Ukraine is a country full of contradictions. It also applies to språkförhållandena.
On an everyday level of functioning bilingualism very smoothly. The majority of ukrainians speak or understand both Ukrainian and Russian. In the tv and radiodebatter, just like in everyday conversations, we often speak simply the language can be the best.
At the political level, the question is, however, stigmatized to the extreme. On Thursday, parliament approved a new law with the aim to ”guarantee” the Ukrainian language as the only official language.
not only does It mean that the Ukrainian language is the only language that may be used in official documents. The requirement also applies to service - and the cultural sector. For example, a master of ceremonies at a concert, not to mention the Russian. If the person is Ukrainian, an interpreter must be on stage. All the papers published in a language other than Ukrainian must have a Ukrainian version, which should be at least as comprehensive. The Tv and radio stations must broadcast at least 90 per cent of Ukrainian. Ukrainian media have two years to implement the law.
those who do not follow the law will pay fines. The media is punished with a fine up to 2,600 crowns. Violations of the law within culture, advertising and education have a maximum term of imprisonment of at the equivalent of 1500 sek.
”other languages”, but it is clear that the language referred to is Russian. It is the mother tongue for approximately thirty percent of Ukraine's population. I write ”approximately” because it is very difficult to define mother tongue in a country where the word not has the same meaning as with us. For us, it means the individual's strongest language, for many ukrainians the language one of the principal reasons to speak.
The Ukrainian sociologist Mikhail Misjtjenko at the Institut Razumkov has made regular surveys on the subject of language. The year 2016, said 39 percent of his respondents that they speak Russian at home. The following year, the proportion had been reduced to 34 per cent. At the same time more and more that they speak Ukrainian at home – from 55 per cent by 2016 to 62 percent in 2017.
in other words: the Proportion of people using Ukrainian increased. At the same time, russia's an integral part of Ukrainian society. This applies above all to show business – it is no coincidence that Ukraine's new president, the actor Volodymyr Zelenskyj, use of their mother tongue Russian, both in their shows and in the stormpopulära tv series, the servants of the People. His presidential campaign, he has however brought in the Ukrainian language.
Now enter Zelenskyj on his website that he does not believe in a law based on the prohibition. The face of Russian aggression (the war in the Donbass), he wants to work for laws that ”consolidates the society, rather than sharing it”.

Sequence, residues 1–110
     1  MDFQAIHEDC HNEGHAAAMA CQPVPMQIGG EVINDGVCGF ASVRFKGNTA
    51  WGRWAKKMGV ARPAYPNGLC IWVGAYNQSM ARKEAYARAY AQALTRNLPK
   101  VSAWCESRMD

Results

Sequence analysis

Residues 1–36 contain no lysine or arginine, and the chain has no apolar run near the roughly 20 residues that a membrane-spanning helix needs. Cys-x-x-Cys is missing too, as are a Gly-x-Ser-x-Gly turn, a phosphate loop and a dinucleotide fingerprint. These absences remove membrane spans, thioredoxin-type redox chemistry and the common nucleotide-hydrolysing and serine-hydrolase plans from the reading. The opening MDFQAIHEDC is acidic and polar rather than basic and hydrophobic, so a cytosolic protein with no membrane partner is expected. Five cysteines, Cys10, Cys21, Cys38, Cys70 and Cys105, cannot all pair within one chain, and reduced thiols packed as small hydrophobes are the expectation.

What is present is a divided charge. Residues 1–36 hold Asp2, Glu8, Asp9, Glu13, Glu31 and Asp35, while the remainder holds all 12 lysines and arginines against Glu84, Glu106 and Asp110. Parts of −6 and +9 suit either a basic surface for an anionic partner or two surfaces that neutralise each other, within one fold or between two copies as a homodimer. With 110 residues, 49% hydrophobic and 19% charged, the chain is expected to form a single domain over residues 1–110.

”the Ukrainian language is the country's only official language. This is no place for compromises. But our language shall we lift up through positive example, not by fines and prohibitions which only exacerbates bureaucracy,” writes Zelenskyj.
one of the last outgoing president Petro Porosjenko has time to write in, has been debated for two years and added over two thousand corrections. According to Zelenskyj, the law has become a hostage to political rhetoric. He promises that he will ”analyze the law and whether it respects the constitution and Ukrainian citizens ' interests” when he has become president at the beginning of June.
the Law enacts also that it is prohibited ”public insult of the Ukrainian language”. What this means is unclear. The section bears great similarities with the law, which was enacted in 2015 that it is forbidden to insult the Ukrainian partisanrörelsen UPA.
the only official language is Ukrainian, is not new. It has been since the country became independent. In 2012 while Viktor Yanukovych was the president was approved, however, a new law on language that opened the possibility of giving minority languages – in practice, the Russian and the Hungarian – regional status. This law was voted down by parliament after Majdanrevolutionen the following year, which was one of the igniting sparks for the war in eastern Ukraine. The then president Oleksandr Turtjinov refused to sign the new bill, and since then the situation has when it comes to language legislation in Ukraine remains unclear.
the Ukrainian language has been opposed for the greater part of the country's history. It took place while Ukraine was part of Russian empire, and continued during the soviet era. The Ukrainian language was taught while in the schools, but in public was the repressed. Power, science and the public language was Russian.
in other words There is a background to the Ukraine to protect and strengthen the country's language. The question is how to do it best.